Oh, and the “Rosalee” – gosh, I just love this song too. It’s another one of those songs were you almost get two in one – a warm psychedelic jam surrounded by a funky soulful rockin, take me to the church kind of feelings. And, one of those songs that gets the bounce to Chris’s knees, he’s dancin’ on stage and feeling the song with the audience; and the bounce gives that extra vibrato to his voice, as he holds onto a note until it ends. Perfect set closer. I think I could hear this one each and every time I go see them too. Yup, maybe that’s all I need. Those two songs… “Sunday Sound” and “Rosalee”… and this red thermos… (OK, anyone? Steve Martin?)
I must go back up the set a bit and mention the poetic, “100 Days of Rain” – soulful and beautifully plaid, the guitar work of both Neal and Chris were a bit magical. I love the words to that song because the lyrics are so tender, even without music behind them. “Fair and tender lady come take my mind and wander. Lay with me, until the stars refuse to shine. Be my dream through sweet silver slumber, beyond this morning past the gray walls of time.”
They gave up a double encore, starting out with a kind of country rhythm and blues, southern style, rolling rockin song in “Goodbye Wheeling”, West Virginia that is…. The evening ended with “Older Guys” which is a song by The Flying Burrito Brothers from the 70’s. Leave it up to CRB to pull out the rare oddities and make you wonder where you’ve heard it before, but it’s been rearranged in the CRB kind of way.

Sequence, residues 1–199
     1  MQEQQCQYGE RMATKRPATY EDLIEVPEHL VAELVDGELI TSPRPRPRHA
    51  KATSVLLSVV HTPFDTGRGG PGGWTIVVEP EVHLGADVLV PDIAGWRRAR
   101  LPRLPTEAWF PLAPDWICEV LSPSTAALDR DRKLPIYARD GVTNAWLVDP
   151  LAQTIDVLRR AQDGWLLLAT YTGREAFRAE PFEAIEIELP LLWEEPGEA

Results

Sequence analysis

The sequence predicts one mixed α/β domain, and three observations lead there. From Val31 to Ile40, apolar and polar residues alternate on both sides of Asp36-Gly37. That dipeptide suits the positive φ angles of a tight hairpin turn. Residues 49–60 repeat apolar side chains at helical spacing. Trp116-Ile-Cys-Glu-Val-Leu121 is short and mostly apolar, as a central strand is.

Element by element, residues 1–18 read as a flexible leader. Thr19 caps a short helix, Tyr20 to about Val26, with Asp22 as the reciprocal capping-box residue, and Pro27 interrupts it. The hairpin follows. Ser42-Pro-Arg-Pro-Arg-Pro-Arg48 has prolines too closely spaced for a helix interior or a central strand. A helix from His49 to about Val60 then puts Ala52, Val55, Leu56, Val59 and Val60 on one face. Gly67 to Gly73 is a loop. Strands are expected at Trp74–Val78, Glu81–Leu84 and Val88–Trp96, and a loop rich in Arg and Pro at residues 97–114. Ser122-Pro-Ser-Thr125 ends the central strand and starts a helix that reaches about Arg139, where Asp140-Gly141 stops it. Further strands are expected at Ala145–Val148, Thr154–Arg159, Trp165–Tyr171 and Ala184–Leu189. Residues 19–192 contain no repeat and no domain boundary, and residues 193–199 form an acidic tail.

I don’t think I was the only one who realized the growth or difference to the way they connect on stage and with the audience. Even after the show was over, Neal and Muddy were out in the crowd, saying hello and enjoying friends and hugs. Lingering long after, there was quite a bit of discussion amongst the CRB fans – going over favorite moments and new discoveries. Their music and playing has expanded to psychedelic and cosmic spaces that can reveal a whole new atmosphere you didn’t know existed. Maybe they don’t either, until they discover it on stage.
Chris Robinson Brotherhood, December 8, 2012, The Catalyst Club, Santa Cruz:
Set 1: Bright Light, Big City, Jump The Turnstile, Crash On The Levee, Wheel Don’t Roll, Star Or Stone, Tulsa Yesterday, Vibration & Light Suite> Blue Suede Shoes
Set two: Saturday Night In Santa Cruz, Tomorrow Blues, Seventh Son, 100 Days Of Rain, Never Been To Spain, Sunday Sound, West L.A.. Fadeaway, Rosalee Encore: Goodbye Wheeling, Older Guys